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26 april 2022
I didn't read much about Michael Dobbs' King Richard before starting it. I became engrossed in Dobbs' narrative of the Watergate coverup, but also noticed as it moved along that there were far too few pages remaining to take us through the impeachment hearings and Nixon's eventual resignation. So if you are reading this for guidance, be aware: King Richard is an outstanding book, both despite and because of an unusually narrow focus.
King Richard tells the story from January to July 1973. January because it was Nixon's second inauguration, a moment when Watergate seemed a minor concern in the rearview mirror. And July because that's when Al Haig learned (along with the rest of the world) of the existence of the White House taping system that had recorded the whole ghastly six months (and quite a bit before), thus ensuring that Nixon's part in the coverup would be revealed and his presidency would collapse. General Haig dismantled the taping system, so for the last 11 months of the Nixon administration, the archival record becomes quite different.
Dobbs decided to tell the story of the first half of 1973, which allows for maximum dramatic contrast, and maximum coverage in the taped record that finally became fully available in the mid-2010s. Of course, he also supplements his telling with insights from the principal players' memoirs; nearly everyone involved wrote one. Dobbs constructs the story as a Greek tragedy, which is an acceptable device. So we get sections labeled "hubris," "crisis," "catastrophe," and "catharsis." The terms mix structural features with character notes and affective terms, and help guide the story as Nixon plummets from his apogee.
Framing Watergate as a tragedy, though, has some inherent problems. It requires seeing Nixon as a great man. From certain perspectives this may work: Nixon going to China, or practicing detente with the Soviets. But the more you listen to Nixon as a character in his own tapes, the pettier and more venal he becomes. Nixon as Dobbs presents him was not a potentially noble man tripped up by a flaw or a mistake. He was a vindictive bastard who, after getting hoist by his own petard, started throwing all his loyalists under the bus. To mix a metaphor.
"Always remember, others may hate you, but those who hate you don't win unless you hate them, and then you destroy yourself." That was Nixon in his much-quoted August 1974 farewell to the White House. Nixon, who read a lot of books about storied political leaders, understood how to sound sententious, but his sentiment there is ambiguous. He intends to present himself as a hated man who has stayed above the fray. But he can't help but reveal that his default condition is hating others, and that it has destroyed him.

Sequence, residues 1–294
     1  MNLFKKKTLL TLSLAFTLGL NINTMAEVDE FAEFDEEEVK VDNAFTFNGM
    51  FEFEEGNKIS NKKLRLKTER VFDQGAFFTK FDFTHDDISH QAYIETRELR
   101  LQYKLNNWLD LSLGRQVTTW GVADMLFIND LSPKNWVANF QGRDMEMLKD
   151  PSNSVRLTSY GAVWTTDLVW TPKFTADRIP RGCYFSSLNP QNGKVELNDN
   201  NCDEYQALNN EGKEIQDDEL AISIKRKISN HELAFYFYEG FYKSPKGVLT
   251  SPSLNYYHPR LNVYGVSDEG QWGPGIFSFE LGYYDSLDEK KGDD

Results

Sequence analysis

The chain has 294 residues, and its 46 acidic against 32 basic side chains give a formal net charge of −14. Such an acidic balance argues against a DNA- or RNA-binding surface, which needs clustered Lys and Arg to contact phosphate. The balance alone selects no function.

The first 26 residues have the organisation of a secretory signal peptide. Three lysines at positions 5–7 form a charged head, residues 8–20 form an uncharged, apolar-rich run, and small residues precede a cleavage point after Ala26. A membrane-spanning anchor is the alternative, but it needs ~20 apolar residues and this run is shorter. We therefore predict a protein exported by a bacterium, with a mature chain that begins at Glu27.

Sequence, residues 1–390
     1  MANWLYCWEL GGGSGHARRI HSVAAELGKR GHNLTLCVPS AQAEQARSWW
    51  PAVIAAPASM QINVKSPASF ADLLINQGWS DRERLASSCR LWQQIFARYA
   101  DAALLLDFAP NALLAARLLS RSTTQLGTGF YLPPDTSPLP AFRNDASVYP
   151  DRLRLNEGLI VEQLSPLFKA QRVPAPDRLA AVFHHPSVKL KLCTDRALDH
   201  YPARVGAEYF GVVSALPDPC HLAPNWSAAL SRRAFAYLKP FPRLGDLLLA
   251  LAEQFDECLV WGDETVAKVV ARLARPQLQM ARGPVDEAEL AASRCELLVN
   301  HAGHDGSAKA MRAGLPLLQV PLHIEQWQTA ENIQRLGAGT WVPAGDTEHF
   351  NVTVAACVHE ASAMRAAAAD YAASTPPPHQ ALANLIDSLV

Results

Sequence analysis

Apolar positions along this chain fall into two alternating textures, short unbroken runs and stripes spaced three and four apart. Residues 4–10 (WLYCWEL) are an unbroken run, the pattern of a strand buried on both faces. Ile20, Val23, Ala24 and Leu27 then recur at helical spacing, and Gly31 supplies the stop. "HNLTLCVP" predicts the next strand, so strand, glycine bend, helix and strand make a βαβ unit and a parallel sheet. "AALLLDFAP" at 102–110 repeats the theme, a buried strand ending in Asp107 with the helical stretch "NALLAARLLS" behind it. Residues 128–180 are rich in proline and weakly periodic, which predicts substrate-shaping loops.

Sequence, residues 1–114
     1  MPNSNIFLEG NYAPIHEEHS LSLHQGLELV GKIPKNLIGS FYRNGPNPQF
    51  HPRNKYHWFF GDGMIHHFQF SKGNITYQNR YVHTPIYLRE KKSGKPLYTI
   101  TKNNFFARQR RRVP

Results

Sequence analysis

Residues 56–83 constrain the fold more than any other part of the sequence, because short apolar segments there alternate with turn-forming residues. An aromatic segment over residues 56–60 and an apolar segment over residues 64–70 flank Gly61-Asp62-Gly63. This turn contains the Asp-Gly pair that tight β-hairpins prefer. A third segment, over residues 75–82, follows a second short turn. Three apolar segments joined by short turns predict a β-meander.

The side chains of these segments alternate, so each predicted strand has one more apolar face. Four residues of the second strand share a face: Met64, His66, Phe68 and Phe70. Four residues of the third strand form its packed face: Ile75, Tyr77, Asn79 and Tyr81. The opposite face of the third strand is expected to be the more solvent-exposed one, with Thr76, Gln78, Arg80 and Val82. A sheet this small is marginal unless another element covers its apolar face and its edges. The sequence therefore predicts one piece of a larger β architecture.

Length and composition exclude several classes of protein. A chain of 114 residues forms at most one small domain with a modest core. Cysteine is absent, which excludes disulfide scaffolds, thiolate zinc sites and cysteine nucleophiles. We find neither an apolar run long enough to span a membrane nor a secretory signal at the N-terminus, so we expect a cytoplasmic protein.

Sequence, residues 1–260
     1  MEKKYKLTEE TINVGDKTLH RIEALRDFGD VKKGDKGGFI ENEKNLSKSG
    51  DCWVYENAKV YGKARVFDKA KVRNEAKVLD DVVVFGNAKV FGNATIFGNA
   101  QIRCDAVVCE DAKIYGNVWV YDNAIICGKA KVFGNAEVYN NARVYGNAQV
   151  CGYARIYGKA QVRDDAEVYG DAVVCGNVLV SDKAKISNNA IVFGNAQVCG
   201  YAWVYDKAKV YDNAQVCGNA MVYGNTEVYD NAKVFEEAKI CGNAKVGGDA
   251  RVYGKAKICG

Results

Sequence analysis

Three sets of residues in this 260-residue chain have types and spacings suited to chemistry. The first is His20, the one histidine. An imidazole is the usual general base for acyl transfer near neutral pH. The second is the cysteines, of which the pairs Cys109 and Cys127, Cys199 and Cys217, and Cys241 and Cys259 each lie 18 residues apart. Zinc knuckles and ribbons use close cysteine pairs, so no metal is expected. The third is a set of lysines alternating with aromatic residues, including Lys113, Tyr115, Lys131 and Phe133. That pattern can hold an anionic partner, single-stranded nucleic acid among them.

Dobbs, though, admires Nixon's talents (his memory, his energy, his mix of big-picture thought and detail-orientation, his sheer self-making), and makes this admiration the context for seeing Nixon's fall as tragic. I guess it sort of works; Nixon is evilly fascinating, and maybe that's enough for tragedy. I've remarked here before on Nixon's Everyman-like accessibility to the common imagination. And it is certainly possible to identify with Nixon and cringe. But at least in 1973, he never comes across as sympathetic. Did he ever?
In particular, Nixon's vaunted intelligence rarely comes through in the record. Watergate is a study in political obtuseness. Nixon and his arrogant underlings thought that they could hush up the mess of corruption they'd brewed, alternately using contemptuous coercion and suitcases full of money. That may work in organized crime, but in statesmanship, where your aides are likely to have joined your team out of some kind of idealism, it's a harder sell. Young presidential gofers like Jeb Magruder and John Dean followed Nixon's coverup direction automatically at first, but only for so long. Then they had to wonder if disgrace, prosecution, and for the lawyers among them, disbarment, was worth what they gained by exhibiting blind loyalty – loyalty which Nixon typically greeted by expressing scorn for their weakness.
Dobbs wryly quotes Nixon, on several occasions, lecturing subordinates about the lessons of the Alger Hiss case. Hiss, Nixon would explain from experience, was not brought down by his indiscretions, but by trying to cover them up. This lesson was usually a prelude to Nixon trying to get his interlocutor to cover something up. At such junctures, you have to ask yourself how smart Richard Nixon really was.
Dobbs, Michael. King Richard: Nixon and Watergate, an American tragedy. New York: Knopf [Penguin Random House], 2021. E 860 .D643